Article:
A key slogan for the UK’s ruling Conservatives in the December general election is the promise to “Get Brexit done”.

Boris Johnson says by winning a majority, parliament will then pass his divorce deal to take the UK out of the EU on January 31 next year. The prime minister is appealing to voters by arguing that the country can then move onto other issues.

But his critics point out that the process to determine future UK-EU relations will only just be starting – and this risks being far more complicated.

They accuse the government of being disingenuous in arguing that a trade deal with the EU is attainable next year. If no deal is agreed by then, the UK and the EU will trade on World Trade Organisation (WTO) terms.

This would bring an abrupt change to EU-UK trading relations which many business organisations and trade experts argue would cause cross-border disruption and higher prices.

What sort of EU trade deal is Boris Johnson aiming for?

In a video posted on Twitter last weekend, Johnson reiterated the government’s aim: “to do a big free trade deal with our EU friends and partners… not based on any kind of political alignment”.

Johnson says the deal the UK will aim for will be “on the model of a super Canada plus arrangement”.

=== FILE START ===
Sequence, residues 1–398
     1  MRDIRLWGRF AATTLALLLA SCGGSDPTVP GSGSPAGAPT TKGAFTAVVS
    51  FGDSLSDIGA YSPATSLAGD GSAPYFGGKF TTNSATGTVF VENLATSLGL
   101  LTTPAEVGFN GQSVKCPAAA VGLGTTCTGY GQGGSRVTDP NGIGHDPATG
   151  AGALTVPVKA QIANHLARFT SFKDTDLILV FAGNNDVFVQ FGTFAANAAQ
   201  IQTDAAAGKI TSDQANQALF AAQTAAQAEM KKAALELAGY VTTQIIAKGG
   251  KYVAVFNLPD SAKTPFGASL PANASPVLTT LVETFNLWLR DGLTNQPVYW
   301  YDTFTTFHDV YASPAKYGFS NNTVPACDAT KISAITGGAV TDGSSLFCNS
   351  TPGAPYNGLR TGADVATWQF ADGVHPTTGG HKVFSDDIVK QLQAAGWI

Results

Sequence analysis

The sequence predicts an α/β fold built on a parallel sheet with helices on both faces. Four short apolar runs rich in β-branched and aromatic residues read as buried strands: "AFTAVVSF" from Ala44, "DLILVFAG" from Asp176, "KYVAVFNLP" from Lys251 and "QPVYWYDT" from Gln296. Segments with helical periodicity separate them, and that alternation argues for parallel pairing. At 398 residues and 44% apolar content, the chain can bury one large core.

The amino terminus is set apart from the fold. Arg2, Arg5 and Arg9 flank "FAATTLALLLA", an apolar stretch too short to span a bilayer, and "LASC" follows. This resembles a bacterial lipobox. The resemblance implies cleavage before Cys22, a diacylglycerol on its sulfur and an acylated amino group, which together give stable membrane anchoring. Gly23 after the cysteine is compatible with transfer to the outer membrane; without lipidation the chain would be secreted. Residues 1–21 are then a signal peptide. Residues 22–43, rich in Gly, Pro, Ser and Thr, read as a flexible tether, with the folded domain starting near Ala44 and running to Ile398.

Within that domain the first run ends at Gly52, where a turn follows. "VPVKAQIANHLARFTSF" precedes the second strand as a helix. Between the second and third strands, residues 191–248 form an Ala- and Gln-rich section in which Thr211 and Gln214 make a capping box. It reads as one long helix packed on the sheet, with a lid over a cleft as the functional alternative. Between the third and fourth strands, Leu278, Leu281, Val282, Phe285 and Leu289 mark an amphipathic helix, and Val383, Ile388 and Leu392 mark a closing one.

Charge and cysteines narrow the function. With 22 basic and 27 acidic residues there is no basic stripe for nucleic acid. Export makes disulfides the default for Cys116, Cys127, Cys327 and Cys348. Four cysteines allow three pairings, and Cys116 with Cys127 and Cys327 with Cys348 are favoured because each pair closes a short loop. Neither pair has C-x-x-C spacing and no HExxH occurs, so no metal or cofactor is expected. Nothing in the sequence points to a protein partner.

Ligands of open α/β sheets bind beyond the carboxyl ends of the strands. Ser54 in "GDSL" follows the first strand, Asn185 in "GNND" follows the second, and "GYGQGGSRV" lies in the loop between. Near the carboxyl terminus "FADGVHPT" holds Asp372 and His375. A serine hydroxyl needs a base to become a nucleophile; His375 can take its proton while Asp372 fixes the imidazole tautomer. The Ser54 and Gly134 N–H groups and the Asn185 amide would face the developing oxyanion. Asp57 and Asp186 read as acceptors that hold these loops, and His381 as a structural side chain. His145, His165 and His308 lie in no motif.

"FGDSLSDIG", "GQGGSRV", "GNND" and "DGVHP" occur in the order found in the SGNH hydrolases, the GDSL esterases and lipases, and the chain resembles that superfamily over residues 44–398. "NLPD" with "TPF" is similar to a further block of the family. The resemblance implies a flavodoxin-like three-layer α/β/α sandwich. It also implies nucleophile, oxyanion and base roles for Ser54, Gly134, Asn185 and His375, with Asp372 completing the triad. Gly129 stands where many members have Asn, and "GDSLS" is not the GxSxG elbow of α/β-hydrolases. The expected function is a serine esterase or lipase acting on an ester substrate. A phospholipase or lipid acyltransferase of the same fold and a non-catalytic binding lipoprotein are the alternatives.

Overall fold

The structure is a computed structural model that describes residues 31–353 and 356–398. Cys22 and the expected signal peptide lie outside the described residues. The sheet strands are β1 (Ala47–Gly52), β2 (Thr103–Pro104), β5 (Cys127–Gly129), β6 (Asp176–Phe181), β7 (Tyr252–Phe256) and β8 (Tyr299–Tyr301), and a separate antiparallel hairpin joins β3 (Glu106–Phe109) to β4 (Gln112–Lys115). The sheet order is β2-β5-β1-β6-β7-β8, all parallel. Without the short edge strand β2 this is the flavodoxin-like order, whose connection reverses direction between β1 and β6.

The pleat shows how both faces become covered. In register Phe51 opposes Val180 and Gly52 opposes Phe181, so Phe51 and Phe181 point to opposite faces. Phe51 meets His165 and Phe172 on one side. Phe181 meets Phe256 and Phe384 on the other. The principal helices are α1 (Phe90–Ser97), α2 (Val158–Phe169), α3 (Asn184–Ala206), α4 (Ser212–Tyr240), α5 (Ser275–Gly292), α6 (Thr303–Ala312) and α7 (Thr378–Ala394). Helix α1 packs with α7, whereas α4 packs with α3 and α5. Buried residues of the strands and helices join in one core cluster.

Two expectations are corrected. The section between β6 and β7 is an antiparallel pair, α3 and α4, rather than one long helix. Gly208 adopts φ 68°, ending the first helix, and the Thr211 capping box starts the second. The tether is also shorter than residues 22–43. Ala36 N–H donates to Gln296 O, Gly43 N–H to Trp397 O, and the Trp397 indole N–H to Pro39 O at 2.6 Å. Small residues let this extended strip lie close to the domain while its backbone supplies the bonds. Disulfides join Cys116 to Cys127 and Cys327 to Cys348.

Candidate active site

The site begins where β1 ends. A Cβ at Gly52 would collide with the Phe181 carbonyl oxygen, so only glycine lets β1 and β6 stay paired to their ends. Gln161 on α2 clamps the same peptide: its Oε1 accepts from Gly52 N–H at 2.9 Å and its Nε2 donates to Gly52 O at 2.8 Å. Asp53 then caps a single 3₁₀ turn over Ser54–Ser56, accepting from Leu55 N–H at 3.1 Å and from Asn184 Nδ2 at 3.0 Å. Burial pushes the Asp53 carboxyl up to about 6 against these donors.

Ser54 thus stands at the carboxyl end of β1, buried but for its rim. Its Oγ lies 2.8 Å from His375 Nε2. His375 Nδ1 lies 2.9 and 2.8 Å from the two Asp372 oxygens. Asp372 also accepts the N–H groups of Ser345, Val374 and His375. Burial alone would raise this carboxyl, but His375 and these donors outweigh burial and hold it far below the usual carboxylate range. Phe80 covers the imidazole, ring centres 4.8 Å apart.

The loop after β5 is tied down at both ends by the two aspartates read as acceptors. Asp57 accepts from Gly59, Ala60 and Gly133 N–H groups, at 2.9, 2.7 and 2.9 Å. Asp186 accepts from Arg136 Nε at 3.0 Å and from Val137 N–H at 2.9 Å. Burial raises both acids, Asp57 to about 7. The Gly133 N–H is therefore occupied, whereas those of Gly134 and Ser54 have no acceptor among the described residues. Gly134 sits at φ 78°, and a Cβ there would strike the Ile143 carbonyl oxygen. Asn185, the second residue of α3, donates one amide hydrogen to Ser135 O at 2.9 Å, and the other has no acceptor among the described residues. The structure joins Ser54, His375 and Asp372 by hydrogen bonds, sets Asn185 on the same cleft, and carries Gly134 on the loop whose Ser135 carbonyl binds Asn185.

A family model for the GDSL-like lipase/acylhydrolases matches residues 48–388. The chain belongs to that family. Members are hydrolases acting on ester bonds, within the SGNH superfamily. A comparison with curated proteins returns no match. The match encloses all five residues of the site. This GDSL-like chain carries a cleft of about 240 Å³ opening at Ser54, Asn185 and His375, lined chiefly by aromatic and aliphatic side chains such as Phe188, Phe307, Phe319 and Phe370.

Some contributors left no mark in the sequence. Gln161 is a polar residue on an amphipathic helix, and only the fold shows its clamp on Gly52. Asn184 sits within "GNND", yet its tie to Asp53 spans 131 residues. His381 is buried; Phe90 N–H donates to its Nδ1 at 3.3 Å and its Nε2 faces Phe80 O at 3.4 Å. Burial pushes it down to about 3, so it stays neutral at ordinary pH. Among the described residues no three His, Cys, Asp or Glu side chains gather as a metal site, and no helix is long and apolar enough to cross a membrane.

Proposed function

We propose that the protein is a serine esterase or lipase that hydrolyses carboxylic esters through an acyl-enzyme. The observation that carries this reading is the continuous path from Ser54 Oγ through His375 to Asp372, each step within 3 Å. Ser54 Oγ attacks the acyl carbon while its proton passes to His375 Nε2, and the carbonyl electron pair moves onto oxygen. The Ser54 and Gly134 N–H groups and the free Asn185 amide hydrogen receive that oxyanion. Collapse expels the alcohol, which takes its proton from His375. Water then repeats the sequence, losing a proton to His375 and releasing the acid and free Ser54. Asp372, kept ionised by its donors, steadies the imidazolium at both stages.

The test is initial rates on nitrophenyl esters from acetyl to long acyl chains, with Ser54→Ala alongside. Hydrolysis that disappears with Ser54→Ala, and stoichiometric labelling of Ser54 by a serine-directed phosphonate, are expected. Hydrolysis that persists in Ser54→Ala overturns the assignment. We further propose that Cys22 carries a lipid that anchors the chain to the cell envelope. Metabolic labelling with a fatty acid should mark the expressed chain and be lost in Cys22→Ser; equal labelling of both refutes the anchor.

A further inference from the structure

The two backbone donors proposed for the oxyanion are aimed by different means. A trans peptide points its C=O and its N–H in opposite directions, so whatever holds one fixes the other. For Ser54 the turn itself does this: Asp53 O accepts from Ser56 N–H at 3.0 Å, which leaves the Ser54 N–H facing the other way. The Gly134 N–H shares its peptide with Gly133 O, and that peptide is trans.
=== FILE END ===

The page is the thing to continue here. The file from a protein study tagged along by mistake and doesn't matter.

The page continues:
Canada’s free trade deal with the European Union (known as CETA), which came into provisional effect in 2017, took seven years to negotiate and runs to almost 1,600 pages. It will take several more years to implement fully.

The CETA agreement eliminates most tariffs on goods but does not remove regulatory barriers. Canada is not in the EU’s single market so its products still undergo border checks, although the use of technology is encouraged to speed up customs procedures.

There are provisions for mutual recognition in services, a sector representing most of the UK economy. However, Canada’s financial services do not get “passporting” rights to operate across the EU.

Boris Johnson set out his “Super Canada” Brexit plan in September 2018 – saying it would involve zero tariffs and quotas on all imports and exports, mutual recognition of standards, technological solutions, and would cover goods and services.

What are Johnson’s chances of striking this trade deal in 2020?

After January 31, the UK will have only 11 months to negotiate a free trade deal with the EU – compared to the seven years it took Canada to strike its agreement.

Johnson and his supporters highlight the speed with which the government agreed a new EU withdrawal agreement. This was struck with EU leaders in October – but only after the prime minister abandoned a key part of his earlier strategy over Northern Ireland.

Under the terms of the deal, once the UK leaves the EU a transition period will run until the end of next year, keeping UK-EU arrangements largely as they are now.

Even if the UK does leave the EU with a deal in January, another “cliff-edge” would soon loom over the horizon. A decision on whether to extend a transition period beyond its expiry date of December 31, 2020 would have to be taken by July.

Boris Johnson insists that a trade deal can be done during the transition and has ruled out extending the transition. This was a key factor in Nigel Farage’s decision to stand down his Brexit Party candidates in Conservative-held seats, to avoid splitting the pro-Brexit vote at the election.